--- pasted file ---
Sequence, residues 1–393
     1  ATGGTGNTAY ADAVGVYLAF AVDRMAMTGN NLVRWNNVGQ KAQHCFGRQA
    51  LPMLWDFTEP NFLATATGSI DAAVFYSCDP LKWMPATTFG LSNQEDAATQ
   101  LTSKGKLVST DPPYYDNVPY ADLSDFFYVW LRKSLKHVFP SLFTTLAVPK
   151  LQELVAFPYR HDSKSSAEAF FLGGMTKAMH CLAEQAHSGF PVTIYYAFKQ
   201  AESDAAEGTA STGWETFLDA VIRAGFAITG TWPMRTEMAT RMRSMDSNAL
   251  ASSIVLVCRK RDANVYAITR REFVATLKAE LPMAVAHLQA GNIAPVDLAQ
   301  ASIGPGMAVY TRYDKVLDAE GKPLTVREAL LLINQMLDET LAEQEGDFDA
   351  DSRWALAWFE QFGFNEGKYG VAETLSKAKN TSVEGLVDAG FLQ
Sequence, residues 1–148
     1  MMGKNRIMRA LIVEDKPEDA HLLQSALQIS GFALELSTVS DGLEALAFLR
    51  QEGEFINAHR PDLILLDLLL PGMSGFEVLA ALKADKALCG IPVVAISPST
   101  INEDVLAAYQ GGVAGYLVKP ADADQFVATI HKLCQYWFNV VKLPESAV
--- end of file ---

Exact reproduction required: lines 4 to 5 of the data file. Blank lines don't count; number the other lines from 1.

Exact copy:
   101  LTSKGKLVST DPPYYDNVPY ADLSDFFYVW LRKSLKHVFP SLFTTLAVPK
   151  LQELVAFPYR HDSKSSAEAF FLGGMTKAMH CLAEQAHSGF PVTIYYAFKQ